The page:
The increase is in addition to 14,000 American soldiers sent into the region since May.
President Donald Trump warned that Iran "would be held fully responsible" after the US Embassy in Baghdad was stormed by protesters on Tuesday, before ordering that 750 US soldiers would be sent to the Middle East with 3,000 more preparing for deployment in the next few days.
Trump warned Iran that it would pay a "big price" for "lives lost, or damage incurred" during the protests, which followed deadly US airstrikes this week that killed 25 fighters from an Iran-backed Shiite militia in Iraq.
Shouting “Down, Down USA!” the crowd - many of them Iran-supported militiamen - tried to push inside the embassy grounds, hurling water bottles and smashing security cameras outside. No US casualties have been reported after the incident.
The US military carried out the strikes Sunday against the Iranian-backed Kataeb Hezbollah militia, calling it retaliation for last week's killing of an American contractor in a rocket attack on an Iraqi military base that it blamed on the group.
The US attack — the largest targeting an Iraqi state-sanctioned militia in recent years — and the calls for retaliation, represent a new escalation in the proxy war between the US and Iran playing out in the Middle East.
It was not clear where the US soldiers would be deployed, but an official told AP that they would be based in Kuwait, a staging point for American operations inside Iraq. The 750 are in addition to the 14,000 US troops that have been deployed to the region amid heightened tensions with Tehran.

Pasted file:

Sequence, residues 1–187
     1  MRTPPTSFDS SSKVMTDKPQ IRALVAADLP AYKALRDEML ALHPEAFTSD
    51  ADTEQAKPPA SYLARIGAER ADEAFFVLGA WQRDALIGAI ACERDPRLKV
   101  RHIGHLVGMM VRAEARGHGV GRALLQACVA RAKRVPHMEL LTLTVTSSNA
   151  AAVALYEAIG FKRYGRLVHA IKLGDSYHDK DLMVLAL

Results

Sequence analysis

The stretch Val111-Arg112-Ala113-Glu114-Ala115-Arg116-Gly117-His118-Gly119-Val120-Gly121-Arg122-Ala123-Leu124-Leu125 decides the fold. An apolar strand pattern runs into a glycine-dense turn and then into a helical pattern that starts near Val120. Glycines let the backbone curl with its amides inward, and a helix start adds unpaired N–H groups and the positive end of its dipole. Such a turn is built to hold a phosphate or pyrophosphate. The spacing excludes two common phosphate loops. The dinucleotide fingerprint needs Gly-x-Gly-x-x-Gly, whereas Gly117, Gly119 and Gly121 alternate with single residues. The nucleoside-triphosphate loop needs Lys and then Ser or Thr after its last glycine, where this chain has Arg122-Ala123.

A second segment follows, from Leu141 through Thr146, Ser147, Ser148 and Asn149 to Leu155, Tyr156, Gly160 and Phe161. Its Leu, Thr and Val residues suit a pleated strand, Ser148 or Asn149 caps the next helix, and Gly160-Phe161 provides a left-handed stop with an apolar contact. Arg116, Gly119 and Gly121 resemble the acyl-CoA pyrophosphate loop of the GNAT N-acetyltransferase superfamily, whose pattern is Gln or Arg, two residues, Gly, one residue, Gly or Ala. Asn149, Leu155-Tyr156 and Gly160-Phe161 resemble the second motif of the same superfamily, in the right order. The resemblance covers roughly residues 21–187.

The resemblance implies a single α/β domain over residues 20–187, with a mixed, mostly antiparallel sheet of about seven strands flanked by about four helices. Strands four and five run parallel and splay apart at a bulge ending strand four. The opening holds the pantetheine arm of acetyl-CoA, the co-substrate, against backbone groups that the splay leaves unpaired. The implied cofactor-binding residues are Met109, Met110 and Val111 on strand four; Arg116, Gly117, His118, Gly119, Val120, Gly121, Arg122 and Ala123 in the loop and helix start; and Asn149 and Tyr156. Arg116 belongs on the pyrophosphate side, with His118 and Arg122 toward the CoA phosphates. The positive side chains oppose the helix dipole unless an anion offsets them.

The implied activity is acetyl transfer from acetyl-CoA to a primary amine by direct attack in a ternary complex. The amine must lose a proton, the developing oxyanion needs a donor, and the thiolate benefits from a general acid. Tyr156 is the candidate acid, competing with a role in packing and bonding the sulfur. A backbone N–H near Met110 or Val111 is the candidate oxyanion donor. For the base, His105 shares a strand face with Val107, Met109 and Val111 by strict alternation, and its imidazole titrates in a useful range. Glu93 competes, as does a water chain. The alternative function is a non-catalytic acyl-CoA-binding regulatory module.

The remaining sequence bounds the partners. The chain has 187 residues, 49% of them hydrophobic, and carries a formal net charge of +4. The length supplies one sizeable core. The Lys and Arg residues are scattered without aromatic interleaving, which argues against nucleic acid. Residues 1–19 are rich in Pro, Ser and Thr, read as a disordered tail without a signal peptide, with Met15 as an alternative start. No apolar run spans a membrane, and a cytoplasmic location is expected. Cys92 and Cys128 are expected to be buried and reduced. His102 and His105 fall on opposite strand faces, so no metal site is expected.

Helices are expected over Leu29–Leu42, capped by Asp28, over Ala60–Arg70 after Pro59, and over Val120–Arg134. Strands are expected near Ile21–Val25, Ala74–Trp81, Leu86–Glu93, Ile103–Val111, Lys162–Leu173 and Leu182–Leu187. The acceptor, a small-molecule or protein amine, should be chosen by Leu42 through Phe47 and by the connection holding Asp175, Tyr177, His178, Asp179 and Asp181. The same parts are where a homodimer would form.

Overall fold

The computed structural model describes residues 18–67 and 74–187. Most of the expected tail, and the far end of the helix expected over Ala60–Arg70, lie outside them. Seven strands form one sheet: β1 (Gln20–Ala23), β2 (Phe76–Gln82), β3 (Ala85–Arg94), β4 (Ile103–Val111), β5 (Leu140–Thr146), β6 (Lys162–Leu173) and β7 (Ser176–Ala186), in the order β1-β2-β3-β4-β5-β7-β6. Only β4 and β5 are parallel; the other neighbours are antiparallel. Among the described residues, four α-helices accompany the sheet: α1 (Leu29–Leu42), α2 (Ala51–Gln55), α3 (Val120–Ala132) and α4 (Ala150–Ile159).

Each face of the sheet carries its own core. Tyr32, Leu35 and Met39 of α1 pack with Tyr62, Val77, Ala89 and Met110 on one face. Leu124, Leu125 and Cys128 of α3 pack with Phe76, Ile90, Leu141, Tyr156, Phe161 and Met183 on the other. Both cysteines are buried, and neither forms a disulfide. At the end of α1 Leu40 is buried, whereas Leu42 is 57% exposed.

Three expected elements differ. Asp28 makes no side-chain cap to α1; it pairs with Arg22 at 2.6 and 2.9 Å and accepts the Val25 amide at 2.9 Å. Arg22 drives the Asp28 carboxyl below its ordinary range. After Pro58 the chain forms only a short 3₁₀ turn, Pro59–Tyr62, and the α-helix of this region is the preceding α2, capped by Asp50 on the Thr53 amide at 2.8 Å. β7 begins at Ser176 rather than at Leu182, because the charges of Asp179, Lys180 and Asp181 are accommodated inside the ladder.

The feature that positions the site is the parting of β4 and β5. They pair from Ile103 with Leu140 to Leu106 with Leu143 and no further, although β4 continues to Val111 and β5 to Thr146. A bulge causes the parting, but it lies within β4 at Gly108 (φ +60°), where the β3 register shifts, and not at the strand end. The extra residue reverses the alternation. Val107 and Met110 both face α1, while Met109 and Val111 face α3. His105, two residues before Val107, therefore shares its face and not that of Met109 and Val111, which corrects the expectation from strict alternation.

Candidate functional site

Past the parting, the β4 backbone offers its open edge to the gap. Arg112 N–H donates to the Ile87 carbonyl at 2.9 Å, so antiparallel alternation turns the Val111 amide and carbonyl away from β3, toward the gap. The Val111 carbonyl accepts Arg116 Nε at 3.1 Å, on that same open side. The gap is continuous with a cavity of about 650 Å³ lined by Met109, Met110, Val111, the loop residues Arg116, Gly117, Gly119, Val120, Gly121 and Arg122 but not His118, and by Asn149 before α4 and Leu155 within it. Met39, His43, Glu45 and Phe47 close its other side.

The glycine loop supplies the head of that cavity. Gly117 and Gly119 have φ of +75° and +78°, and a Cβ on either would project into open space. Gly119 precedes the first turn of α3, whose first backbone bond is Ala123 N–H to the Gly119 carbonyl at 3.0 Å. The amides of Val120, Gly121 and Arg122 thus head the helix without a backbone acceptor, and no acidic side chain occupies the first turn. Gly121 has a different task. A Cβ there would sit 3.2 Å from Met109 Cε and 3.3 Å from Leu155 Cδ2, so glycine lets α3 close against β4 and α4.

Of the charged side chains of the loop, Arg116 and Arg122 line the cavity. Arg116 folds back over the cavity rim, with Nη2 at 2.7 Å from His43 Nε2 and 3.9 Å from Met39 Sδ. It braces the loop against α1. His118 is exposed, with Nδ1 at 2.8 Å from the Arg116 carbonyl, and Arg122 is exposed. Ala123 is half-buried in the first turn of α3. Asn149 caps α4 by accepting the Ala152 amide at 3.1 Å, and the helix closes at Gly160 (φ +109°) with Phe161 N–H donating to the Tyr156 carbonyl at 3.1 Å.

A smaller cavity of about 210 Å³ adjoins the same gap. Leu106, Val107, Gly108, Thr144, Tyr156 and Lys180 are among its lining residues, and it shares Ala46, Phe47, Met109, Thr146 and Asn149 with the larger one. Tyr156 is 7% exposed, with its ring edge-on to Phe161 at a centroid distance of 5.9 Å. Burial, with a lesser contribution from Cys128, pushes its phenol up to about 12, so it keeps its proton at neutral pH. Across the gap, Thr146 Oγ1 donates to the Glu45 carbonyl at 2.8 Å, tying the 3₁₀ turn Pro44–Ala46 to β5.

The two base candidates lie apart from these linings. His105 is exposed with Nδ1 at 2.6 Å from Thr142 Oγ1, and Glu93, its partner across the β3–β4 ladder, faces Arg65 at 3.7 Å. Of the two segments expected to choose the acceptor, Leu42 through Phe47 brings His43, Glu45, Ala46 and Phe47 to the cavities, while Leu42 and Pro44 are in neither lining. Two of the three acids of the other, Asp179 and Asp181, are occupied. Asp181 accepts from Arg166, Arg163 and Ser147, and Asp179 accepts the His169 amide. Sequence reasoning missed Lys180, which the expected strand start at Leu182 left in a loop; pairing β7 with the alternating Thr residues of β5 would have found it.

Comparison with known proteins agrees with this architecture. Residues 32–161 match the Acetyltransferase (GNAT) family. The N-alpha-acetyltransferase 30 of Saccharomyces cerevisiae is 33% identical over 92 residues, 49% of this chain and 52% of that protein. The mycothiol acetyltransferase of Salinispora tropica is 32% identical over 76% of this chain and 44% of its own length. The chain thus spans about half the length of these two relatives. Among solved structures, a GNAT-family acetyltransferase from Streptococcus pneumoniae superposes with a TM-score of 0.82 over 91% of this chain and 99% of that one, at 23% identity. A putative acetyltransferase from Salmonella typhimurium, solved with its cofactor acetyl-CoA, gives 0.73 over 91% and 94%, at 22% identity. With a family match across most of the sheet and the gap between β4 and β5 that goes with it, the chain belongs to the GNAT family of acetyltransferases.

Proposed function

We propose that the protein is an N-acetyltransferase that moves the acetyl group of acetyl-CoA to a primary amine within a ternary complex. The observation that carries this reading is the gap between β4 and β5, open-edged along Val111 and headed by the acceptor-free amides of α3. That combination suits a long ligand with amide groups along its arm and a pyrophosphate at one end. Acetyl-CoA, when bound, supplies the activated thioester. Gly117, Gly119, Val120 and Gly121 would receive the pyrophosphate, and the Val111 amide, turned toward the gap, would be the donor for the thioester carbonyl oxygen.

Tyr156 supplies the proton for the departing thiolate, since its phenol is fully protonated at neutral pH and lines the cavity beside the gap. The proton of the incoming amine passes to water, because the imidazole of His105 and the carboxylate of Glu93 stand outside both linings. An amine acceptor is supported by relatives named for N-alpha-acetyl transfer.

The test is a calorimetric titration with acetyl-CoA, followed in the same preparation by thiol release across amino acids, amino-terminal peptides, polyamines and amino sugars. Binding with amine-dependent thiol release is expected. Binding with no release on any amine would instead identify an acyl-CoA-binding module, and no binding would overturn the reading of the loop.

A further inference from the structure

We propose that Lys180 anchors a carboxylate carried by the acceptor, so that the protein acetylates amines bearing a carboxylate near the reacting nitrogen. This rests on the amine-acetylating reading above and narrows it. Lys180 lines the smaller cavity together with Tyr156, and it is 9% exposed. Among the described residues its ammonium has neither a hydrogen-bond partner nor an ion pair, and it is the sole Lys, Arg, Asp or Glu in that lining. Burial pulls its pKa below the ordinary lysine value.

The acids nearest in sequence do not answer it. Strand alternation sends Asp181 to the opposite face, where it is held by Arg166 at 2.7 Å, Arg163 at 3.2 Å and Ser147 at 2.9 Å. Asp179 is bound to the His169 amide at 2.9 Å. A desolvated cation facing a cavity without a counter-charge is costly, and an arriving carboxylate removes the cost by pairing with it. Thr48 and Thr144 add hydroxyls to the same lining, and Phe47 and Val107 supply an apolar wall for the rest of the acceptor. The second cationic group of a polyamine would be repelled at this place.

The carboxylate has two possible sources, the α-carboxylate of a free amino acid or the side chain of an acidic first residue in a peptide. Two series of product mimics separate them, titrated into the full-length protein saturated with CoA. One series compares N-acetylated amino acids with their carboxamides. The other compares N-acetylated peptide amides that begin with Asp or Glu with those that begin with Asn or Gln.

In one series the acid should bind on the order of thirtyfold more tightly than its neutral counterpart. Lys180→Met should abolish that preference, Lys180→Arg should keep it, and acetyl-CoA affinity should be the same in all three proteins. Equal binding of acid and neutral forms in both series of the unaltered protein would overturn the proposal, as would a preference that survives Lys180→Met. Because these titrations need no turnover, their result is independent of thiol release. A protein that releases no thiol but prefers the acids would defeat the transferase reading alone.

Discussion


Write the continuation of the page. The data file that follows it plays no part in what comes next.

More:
Tuesday's attempted embassy storming took place after mourners held funerals for the militia fighters killed in a Baghdad neighbourhood, after which they marched on to the heavily fortified Green Zone and kept walking till they reached the sprawling US Embassy.
Security guards were seen retreating to the inside of the embassy. Protesters also were seen hanging yellow flags belonging to the Kataeb Hezbollah militia backed by Iran on the walls of the embassy.
US Secretary of State Mike Pompeo said the strikes send the message that the US will not tolerate actions by Iran that jeopardise American lives.
The Iranian-backed Iraqi militia had vowed Monday to retaliate for the U.S. military strikes in Iraq and Syria that killed 25 of its fighters and wounded dozens. The attack and vows for revenge raised concerns of new attacks that could threaten American interests in the region.
The US attack outraged both the militias and the Iraqi government which said it will reconsider its relationship with the US-led coalition — the first time it has said it will do so since an agreement was struck to keep some US troops in the country. It called the attack a “flagrant violation" of its sovereignty.
In a partly televised meeting Monday, Iraqi Prime Minister Adel Abdul-Mahdi told Cabinet members that he had tried to stop the US operation “but there was insistence" from American officials.
The US military said "precision defensive strikes" were conducted against five sites of Kataeb Hezbollah, or Hezbollah Brigades in Iraq and Syria. The group, which is a separate force from the Lebanese militant group Hezbollah, operates under the umbrella of the state-sanctioned militias known collectively as the Popular Mobilization Forces. Many of them are supported by Iran.